But surely there must be some reason to class one language as more complex than another, right? Languages uncommon with click phonemes? Words that can go in any order? Scripts that look like tiny pictures? Letters that can be pronounced any number of ways (I’m looking at you, English vowels)? In blanket terms, yes. A language that has thirty consonants, for instance, will be more complex than a language with only, say, eleven consonants, simply because there’s more stuff to remember. Unfortunately, this doesn’t make it any easier to quantify, because languages have a habit of balancing complex and simple structures within different parts of their grammar – sometimes even within the same part. Let’s take phonology, for example – the sounds of a language. We can consider a language with thirty consonants compared to one with eleven, like we saw before. We’ll call them Languages A and B, respectively. What if Language A only has three vowels, and Language B has five? What if Language A has tone distinctions? What if Language B has a lot of allophones – a sound that is realised a little differently depending on what surrounds it, but which is still perceived as the same sound? Suddenly it’s very difficult to crown Language A as more complex than Language B, even if we’re only looking at phonology. Imagine what’s going on in the rest of its grammar!

This is a jazzy little phenomenon called trade-off theory, and it’s at the core of our modern assumption that all languages are equally complex – every language system is just a big balancing act. This is something that’s easily overlooked when we classify one language as ‘harder’ than another, particularly for English speakers. For instance, highly-inflecting languages – those that use affixes instead of separate words to encode information – are often regarded as quite complex; they usually have pretty long words, and they come in a bunch of different forms depending on number, gender, case, as well as any number of other properties. What it does mean, however, is that you can sum up what would otherwise be a whole sentence in English – like “my dogs did not eat your shoes” – with only a few words in a language like Turkish – which would be köpeklerim ayakkabılarını yemedi. And this shorter sentence is, well, shorter, so naturally it’s quicker and easier to understand, even though internally it’s a little more complicated.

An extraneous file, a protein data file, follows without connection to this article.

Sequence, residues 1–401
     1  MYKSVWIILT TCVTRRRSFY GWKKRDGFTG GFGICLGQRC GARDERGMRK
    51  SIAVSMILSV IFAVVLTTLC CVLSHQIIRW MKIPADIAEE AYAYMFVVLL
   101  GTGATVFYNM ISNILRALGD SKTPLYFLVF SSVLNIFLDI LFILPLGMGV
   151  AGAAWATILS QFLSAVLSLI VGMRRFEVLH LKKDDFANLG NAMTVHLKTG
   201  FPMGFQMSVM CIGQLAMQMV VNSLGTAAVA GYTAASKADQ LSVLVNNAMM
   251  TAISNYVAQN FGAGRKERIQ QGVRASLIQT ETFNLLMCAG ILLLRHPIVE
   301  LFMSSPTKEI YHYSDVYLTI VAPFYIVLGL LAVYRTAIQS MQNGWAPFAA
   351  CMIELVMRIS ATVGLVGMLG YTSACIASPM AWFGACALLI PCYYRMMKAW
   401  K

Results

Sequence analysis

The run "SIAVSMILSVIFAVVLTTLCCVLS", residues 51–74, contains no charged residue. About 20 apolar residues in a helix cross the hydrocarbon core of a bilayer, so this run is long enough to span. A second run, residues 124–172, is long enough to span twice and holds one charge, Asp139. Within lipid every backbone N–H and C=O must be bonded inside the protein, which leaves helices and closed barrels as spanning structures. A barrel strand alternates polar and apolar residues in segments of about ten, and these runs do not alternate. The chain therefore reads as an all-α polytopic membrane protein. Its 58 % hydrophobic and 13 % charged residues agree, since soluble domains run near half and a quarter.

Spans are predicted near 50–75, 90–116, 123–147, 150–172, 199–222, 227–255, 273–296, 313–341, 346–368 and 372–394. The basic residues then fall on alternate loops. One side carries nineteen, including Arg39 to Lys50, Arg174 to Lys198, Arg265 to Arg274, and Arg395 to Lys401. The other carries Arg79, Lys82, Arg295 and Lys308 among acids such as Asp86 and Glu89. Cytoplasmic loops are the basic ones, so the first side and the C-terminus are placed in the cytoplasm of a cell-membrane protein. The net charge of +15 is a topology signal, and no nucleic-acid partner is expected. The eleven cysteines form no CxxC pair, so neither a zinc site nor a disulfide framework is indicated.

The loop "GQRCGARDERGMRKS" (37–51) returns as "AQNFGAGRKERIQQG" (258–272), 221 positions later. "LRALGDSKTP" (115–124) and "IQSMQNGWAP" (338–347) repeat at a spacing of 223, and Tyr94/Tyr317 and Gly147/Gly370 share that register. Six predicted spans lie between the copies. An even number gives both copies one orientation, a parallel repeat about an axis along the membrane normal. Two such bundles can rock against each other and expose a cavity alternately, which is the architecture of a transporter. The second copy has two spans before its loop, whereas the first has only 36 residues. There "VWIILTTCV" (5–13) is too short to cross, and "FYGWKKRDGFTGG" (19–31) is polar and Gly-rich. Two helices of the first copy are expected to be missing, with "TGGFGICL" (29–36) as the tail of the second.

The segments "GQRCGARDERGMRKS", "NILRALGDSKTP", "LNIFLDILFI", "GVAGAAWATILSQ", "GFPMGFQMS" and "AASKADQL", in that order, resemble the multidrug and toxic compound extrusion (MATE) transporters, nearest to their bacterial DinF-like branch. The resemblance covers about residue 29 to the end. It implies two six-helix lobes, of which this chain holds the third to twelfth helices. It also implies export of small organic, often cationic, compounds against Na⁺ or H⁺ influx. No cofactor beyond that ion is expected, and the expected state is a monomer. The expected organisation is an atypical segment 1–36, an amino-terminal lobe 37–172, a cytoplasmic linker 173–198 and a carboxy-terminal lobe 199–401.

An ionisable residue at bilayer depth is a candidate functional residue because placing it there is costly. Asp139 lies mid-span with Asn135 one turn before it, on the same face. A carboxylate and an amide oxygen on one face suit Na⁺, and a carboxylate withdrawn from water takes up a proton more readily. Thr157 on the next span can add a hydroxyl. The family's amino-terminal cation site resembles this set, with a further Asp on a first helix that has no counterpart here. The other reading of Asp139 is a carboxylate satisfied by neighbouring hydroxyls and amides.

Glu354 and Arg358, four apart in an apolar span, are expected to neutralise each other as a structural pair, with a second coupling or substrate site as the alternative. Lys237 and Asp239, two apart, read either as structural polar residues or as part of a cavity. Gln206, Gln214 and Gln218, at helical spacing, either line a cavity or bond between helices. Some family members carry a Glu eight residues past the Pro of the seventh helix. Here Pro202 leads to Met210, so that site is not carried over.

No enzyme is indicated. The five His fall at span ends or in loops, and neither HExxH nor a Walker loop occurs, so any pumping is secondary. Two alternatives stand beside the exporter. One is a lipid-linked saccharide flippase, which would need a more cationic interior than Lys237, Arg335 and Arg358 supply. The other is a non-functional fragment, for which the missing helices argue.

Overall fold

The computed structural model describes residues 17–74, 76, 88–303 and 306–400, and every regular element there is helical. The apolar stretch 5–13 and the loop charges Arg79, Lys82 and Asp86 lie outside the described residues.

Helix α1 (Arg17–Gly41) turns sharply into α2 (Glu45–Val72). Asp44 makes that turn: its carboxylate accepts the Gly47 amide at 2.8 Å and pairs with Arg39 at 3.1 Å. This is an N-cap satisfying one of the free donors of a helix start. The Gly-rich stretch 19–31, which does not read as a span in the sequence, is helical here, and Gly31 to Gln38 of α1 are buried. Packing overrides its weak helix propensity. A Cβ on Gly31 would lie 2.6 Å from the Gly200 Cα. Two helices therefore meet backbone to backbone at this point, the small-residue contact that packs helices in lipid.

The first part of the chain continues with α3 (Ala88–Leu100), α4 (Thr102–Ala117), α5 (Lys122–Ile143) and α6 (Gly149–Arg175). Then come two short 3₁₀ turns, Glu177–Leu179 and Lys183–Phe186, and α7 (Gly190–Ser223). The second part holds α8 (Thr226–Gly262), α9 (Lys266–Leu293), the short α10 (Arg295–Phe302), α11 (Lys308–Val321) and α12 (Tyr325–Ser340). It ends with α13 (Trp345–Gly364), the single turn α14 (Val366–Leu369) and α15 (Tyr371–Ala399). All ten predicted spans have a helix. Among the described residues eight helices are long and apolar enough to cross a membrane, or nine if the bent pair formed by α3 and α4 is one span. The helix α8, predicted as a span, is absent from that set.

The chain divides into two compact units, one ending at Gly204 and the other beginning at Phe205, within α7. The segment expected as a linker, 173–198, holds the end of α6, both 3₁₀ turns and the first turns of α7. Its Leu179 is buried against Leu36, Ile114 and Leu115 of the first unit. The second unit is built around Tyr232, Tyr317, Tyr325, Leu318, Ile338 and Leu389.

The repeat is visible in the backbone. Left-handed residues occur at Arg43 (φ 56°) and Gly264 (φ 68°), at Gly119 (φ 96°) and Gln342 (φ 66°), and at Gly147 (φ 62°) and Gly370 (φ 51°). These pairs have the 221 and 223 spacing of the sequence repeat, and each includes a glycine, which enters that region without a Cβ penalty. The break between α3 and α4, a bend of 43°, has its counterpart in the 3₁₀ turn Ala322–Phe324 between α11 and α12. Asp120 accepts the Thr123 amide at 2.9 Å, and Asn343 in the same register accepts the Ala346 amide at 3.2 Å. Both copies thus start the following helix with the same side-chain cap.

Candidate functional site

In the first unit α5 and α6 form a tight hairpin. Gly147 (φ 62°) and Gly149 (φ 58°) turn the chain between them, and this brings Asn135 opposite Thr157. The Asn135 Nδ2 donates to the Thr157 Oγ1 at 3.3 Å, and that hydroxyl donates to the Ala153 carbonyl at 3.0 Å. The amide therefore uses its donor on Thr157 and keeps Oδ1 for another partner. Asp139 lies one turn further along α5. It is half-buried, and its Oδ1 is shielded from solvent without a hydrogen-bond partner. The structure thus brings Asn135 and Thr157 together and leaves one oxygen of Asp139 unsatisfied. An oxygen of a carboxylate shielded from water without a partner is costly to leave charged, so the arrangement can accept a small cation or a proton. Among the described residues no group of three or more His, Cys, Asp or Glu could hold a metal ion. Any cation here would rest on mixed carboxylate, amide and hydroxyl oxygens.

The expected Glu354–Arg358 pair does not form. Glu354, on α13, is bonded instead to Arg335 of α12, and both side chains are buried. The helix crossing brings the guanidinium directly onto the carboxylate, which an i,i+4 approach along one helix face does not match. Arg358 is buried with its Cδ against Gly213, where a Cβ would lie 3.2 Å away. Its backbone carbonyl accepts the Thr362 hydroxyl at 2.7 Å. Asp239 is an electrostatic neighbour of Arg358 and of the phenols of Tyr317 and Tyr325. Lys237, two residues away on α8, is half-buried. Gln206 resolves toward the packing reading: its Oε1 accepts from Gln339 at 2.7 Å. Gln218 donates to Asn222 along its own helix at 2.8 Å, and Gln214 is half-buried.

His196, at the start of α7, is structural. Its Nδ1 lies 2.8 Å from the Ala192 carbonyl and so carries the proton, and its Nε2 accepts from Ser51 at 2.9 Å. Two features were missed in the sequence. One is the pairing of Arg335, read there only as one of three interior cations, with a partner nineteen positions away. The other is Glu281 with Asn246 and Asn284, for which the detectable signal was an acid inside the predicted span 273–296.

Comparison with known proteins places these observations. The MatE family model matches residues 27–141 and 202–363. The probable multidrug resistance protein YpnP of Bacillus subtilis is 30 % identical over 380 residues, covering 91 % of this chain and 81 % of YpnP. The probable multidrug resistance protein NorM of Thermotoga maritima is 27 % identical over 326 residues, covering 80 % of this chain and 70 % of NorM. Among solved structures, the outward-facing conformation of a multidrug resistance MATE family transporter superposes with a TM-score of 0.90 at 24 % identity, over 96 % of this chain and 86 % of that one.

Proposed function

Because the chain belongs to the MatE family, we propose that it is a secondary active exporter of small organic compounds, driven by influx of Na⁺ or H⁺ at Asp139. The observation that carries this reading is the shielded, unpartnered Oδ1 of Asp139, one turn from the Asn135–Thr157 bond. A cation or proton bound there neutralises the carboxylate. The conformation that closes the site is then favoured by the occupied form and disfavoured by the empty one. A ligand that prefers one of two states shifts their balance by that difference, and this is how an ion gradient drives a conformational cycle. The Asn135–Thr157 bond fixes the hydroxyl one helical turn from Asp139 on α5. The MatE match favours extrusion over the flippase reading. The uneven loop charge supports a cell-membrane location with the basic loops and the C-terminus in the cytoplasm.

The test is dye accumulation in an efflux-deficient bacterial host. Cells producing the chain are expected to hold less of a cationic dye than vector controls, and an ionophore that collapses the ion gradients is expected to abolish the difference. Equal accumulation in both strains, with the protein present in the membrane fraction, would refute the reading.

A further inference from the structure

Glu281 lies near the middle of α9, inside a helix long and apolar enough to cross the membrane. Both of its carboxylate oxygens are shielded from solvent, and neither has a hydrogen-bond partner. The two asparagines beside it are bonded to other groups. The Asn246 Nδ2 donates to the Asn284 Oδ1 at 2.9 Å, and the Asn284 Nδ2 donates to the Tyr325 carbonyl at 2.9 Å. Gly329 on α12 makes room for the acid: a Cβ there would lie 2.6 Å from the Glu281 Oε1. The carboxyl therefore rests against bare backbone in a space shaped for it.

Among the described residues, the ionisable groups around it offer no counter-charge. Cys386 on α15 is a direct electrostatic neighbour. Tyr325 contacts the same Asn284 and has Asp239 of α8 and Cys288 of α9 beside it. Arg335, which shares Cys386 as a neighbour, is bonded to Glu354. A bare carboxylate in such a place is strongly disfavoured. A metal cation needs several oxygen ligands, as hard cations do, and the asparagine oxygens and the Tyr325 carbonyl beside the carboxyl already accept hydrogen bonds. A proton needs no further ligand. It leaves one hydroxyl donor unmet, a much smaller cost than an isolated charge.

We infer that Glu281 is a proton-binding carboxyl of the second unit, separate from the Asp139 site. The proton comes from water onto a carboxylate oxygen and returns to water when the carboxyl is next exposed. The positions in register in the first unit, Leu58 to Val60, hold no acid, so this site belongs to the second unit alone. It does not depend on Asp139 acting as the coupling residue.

I like to consider the trade-offs in Mandarin Chinese before I decide whether or not I should tackle it. Obviously, the Chinese script is the first hurdle; it’s intricate, artistic and largely logographic – you can’t read them phonetically, but they also don’t usually resemble anything. Some, however, do resemble their meanings, like the characters for “up” 上 and “down” 下. The character 休, which means “rest”, is made up of the radicals for “person” 人 and “tree” 木, and it vaguely looks like a person sitting underneath a tree. Very relaxing. And in these sorts of characters, we see a trade-off between how hard they are to read or memorise and how much semantic information they’re automatically offering us.

The second hurdle for me is tone – phonemes in Mandarin are differentiated depending on whether you say them with a high pitch, a low pitch, or even a rising pitch. We don’t have this in English; it’s not a very easy phenomenon to pick up. Mandarin does, however, have a markedly simpler tense system than English; verbs aren’t inflected for past tense, for instance, and are instead marked by an adverb like “yesterday”. So, the energy one might spend on conjugating a verb can instead be redirected to ensuring the tone is correct, although of course this isn’t a conscious process. The brain works in mysterious ways.

The moral of the story is that there’s no fool-proof method of determining if one language is more complex than another, and whether you find it easier to learn is simply going to be based on what you already know. This is almost comforting to me – one day I might decipher those signs, and you’d best believe I’ll bask in the praise and admiration lauded to me for cracking such an intimidating code. After all, my friends don’t need to know about the balancing acts.